The Percentage of Questions Asked by Women at Academic Conferences Is Lower Than Attendance Would Suggest

According to a new study led by scholars at Stanford University in California, women asked questions at a level that fell well below their level of representation at two national genetics meetings over the course of four years. However, women’s participation increased when the meetings generated conversation among the attendees.

“I think a lot of the time we say the goal is to get representation across diversity,” said Natalie Telis, who was a Stanford graduate student when she carried out the work. She and fellow graduate student Emily Glassberg collected the data and were co-first authors on the paper. “If we want to create participation, representation alone won’t get us there.”

For their study, the research team analyzed hundreds of hours of videos from three years of genetics meetings. They also crowd-sourced 98 volunteers to collect data at the 2017 American Society of Human Genetics meeting. All together, they collected data on who asked questions from the ASHG annual meeting from 2014 to 2017 and the Biology of Genomes annual meeting from 2015 to 2018. They also gathered data on gender representation at ASHG overall and in the many subfields.

Across almost all subdivisions, each with vastly different representation of women, women asked fewer questions than would be expected. For example, in the field of Ethical, Legal, and Social Issues in genetics, women only asked 45 percent of questions but represented 67 percent of the attendees. Additionally, the research team found that women tended to ask more questions of women speakers, and men asked more questions of male speakers.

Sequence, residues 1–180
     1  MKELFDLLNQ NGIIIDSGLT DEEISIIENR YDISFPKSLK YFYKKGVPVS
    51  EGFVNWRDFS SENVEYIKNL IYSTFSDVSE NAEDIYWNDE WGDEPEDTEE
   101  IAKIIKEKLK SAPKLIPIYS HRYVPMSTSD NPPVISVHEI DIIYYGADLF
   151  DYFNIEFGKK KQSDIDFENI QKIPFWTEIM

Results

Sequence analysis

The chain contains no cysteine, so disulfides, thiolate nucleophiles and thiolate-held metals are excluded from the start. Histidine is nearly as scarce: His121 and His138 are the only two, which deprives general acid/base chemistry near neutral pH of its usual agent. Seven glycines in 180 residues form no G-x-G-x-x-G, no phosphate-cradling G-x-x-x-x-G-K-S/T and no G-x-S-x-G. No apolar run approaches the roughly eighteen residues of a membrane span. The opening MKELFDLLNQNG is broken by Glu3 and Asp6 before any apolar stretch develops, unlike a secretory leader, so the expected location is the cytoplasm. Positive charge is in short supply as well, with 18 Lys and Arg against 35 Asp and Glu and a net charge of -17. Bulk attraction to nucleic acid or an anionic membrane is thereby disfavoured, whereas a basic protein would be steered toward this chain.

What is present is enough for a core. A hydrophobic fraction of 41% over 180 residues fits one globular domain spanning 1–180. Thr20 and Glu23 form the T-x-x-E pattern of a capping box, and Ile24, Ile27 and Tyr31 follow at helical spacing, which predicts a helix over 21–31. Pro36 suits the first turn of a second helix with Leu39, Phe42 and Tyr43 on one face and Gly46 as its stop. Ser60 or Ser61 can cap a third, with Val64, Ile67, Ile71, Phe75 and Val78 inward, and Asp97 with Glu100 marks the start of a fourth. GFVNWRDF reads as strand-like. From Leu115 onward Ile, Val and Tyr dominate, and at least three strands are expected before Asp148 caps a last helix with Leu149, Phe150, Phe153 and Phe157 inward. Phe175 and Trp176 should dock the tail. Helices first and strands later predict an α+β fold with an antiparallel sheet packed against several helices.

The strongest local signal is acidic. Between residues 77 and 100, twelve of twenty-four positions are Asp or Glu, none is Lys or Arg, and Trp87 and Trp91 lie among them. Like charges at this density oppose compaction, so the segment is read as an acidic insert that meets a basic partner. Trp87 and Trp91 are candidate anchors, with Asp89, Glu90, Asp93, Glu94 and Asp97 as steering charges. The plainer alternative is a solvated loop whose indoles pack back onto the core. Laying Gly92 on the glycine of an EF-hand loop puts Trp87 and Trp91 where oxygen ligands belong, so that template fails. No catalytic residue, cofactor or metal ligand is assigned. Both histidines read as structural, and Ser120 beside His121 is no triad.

“I think there’s an idea that as soon as you reach proportionate ratios then the issues go away,” Telis said. “But no. We found that even when men were 33 percent of attendees, they asked 55 percent of the questions.”

At the 2015 Biology of Genomes meeting, Telis carried out an unplanned experiment. She tweeted some her findings from a session showing that women made up 35 percent of the audience, but only asked 11 percent of the questions. This sparked an immediate conservation among attendees, which led to the conference’s organizers implementing a rule that the first question in every session had to come from a trainee, a group that tends to be more diverse. This resulted in women asking a lot more questions, and that increase held steady throughout the 2018 meeting.

The research team hopes that this study will show that it is possible to improve women’s participation in STEM fields and inspires other people to measure the impact of potential interventions.

The full study, “Public Discussion Affects Question Asking at Academic Conferences,” was published in the American Journal of Human Genetics. It may be accessed here.

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